After telling the story of Arkansas Post for over 35 years, the state park was without a home for thirty years, but the treasures and memories were honored and saved by the people of Arkansas County. The Arkansas Post State Park was established in 1929 outside Gillett, AR. The park gave visitors a view of life along the Arkansas River from the European explores until the destruction from the Civil War. In 1964 the National Park Service took over the park and it became a National Memorial, Arkansas Post. The state park was left without a home. Continue reading
In the quietness of this wooded area we could envision early settlers who paddled their canoes on the river and landed in this serene spot. A fort would be established and fought for by many nationalities. But today it was the perfect setting for our picnic lunch. Continue reading
Dirt moving – no problem, just have the proper equipment and it is done very quickly. Now think about moving dirt using only baskets carrying fifty pounds per load. Using this method think about moving approximately fifty-three million cubic feet of dirt. Seems like a daunting task, but that is what the Poverty Point inhabitants accomplished between 1700 and 1100 B.C. They moved this enormous amount of dirt to build a complex of earthen mounds and ridges. Continue reading
It is local, it was recommended, and there was a full parking lot – it must be good. Those three facts usually bring us to great places for Saturday breakfast. This time we were wrong. Continue reading
Farmers markets are a special part of our travels. No matter how large or small, we enjoy shopping and purchasing from local growers. So it was this Saturday, we drove thirty minutes to shop at the Leesville Farmers Market. Continue reading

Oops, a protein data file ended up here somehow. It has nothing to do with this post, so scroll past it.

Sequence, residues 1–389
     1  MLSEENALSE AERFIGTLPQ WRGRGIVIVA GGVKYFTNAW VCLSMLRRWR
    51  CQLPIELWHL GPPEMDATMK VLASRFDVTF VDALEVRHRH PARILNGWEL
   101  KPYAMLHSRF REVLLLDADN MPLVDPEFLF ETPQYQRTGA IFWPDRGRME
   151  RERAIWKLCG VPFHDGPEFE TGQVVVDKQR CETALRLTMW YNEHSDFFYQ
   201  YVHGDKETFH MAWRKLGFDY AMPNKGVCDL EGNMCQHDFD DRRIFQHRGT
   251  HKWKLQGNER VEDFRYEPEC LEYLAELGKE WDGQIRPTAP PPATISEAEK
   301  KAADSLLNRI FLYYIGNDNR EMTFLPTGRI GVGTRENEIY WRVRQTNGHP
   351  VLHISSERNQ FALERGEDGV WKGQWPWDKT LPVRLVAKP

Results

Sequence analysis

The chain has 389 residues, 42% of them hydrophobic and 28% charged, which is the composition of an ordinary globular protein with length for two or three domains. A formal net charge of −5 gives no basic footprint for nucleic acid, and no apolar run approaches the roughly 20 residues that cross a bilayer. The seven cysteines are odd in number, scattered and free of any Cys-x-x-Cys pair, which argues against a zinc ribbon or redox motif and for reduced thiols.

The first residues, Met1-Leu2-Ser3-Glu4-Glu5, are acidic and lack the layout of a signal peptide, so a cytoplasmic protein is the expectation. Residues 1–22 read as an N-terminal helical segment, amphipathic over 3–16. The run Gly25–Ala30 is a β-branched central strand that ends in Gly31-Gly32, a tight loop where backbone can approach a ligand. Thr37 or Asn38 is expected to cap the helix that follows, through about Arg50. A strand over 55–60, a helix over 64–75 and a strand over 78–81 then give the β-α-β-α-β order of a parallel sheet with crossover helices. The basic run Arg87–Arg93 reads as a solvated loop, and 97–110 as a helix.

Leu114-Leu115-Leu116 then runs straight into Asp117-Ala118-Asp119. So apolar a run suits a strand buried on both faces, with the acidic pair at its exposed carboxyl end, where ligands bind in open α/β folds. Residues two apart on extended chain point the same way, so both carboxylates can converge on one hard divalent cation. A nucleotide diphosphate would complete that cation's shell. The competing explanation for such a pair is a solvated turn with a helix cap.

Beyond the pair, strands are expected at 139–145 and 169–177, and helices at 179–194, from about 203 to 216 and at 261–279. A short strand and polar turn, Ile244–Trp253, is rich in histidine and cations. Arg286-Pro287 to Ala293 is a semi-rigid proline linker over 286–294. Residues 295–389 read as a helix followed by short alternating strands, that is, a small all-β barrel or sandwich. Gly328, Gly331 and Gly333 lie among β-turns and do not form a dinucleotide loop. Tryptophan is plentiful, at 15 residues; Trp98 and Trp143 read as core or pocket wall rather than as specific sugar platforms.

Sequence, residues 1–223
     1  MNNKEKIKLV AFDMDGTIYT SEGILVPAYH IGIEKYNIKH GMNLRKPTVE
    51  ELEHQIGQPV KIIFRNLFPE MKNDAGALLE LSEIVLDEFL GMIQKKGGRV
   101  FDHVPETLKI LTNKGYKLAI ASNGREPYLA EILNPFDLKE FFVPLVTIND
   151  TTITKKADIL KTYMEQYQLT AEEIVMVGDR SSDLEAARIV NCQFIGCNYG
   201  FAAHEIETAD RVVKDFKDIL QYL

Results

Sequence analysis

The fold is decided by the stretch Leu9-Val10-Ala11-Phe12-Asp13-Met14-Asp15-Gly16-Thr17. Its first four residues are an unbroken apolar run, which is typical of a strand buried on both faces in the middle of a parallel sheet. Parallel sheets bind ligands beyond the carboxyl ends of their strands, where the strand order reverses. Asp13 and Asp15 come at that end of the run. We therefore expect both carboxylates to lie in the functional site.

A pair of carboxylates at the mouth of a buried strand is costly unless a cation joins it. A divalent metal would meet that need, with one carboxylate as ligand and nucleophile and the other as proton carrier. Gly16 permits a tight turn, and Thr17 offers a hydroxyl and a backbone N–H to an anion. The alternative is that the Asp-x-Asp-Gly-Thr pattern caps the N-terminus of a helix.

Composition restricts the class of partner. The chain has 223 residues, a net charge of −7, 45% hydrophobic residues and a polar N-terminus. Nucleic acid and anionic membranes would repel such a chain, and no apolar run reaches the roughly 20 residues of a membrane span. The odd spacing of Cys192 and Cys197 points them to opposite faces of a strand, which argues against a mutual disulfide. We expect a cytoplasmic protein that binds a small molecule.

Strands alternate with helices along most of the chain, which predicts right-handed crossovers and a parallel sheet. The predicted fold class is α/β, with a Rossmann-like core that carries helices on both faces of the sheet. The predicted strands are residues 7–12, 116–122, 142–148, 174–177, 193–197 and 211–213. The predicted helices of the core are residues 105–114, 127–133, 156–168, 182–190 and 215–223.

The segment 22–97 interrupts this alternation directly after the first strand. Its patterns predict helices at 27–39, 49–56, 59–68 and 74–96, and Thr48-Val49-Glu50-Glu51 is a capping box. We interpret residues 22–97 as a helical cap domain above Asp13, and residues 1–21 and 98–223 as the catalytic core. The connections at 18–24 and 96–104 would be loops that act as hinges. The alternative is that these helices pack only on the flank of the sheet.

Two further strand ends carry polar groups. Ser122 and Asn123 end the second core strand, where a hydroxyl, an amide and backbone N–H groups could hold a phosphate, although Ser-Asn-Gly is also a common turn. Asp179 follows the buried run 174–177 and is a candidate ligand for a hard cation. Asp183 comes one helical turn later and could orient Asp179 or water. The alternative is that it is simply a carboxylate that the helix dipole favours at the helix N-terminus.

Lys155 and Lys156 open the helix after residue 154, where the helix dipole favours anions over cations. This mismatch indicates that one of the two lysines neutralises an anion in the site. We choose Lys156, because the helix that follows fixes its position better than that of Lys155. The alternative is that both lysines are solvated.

Dodging rain showers was becoming the norm for us in Texas. Yet, that was not going to stop us from shopping the first farmers market of the season in Fredericksburg. The market was advertised as having cooking demonstrations, local produce, music, wine tasting and much more. Now, that sounds like our kind of market – off we go! Continue reading
Texas weather was not very nice to us. We seemed to be dodging rain on a regular basis. On this particular overcast day we decided to visit the Admiral Nimitz Museum in downtown Fredericksburg, TX. The museum had been highly recommended by many people. Continue reading
Arriving at Luckenbach, we did not see “Willie, Waylon, and the Boys”, but we did see people. Some came on motorcycles, others in trucks, many in cars, and some in RVs. What a difference from our first visit some thirty years prior. Continue reading
As we write our blog post, our thoughts and prayers go to the people of Texas. So much has been lost and damaged during the recent storms and floods including loss of life. Many places we visited were damaged and some are closed. It is hard to imagine what were once calm serene rivers have now turned into killer walls of water.
We began our day at the Lyndon B. Johnson State Park & Historic Site. The Visitor Center was our first stop where we received our driving pass and viewed a film on the life of LBJ. Then on to the exhibit hall with LBJ memorabilia as well as items from the German culture and Texas history. Continue reading
The past colors the present as well as the future.
When the past is honored we better understand our culture and ways of life. Fredericksburg, TX honors its past as well as its culture with Founders Day. The event is held at the Pioneer Village and includes food, music, displays and hands on experience. Continue reading